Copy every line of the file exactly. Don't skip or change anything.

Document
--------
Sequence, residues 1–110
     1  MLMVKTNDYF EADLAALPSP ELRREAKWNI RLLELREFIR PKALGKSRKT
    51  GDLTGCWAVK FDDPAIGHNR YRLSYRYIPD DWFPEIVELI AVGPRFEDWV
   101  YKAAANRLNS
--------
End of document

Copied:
Sequence, residues 1–110
     1  MLMVKTNDYF EADLAALPSP ELRREAKWNI RLLELREFIR PKALGKSRKT
    51  GDLTGCWAVK FDDPAIGHNR YRLSYRYIPD DWFPEIVELI AVGPRFEDWV
   101  YKAAANRLNS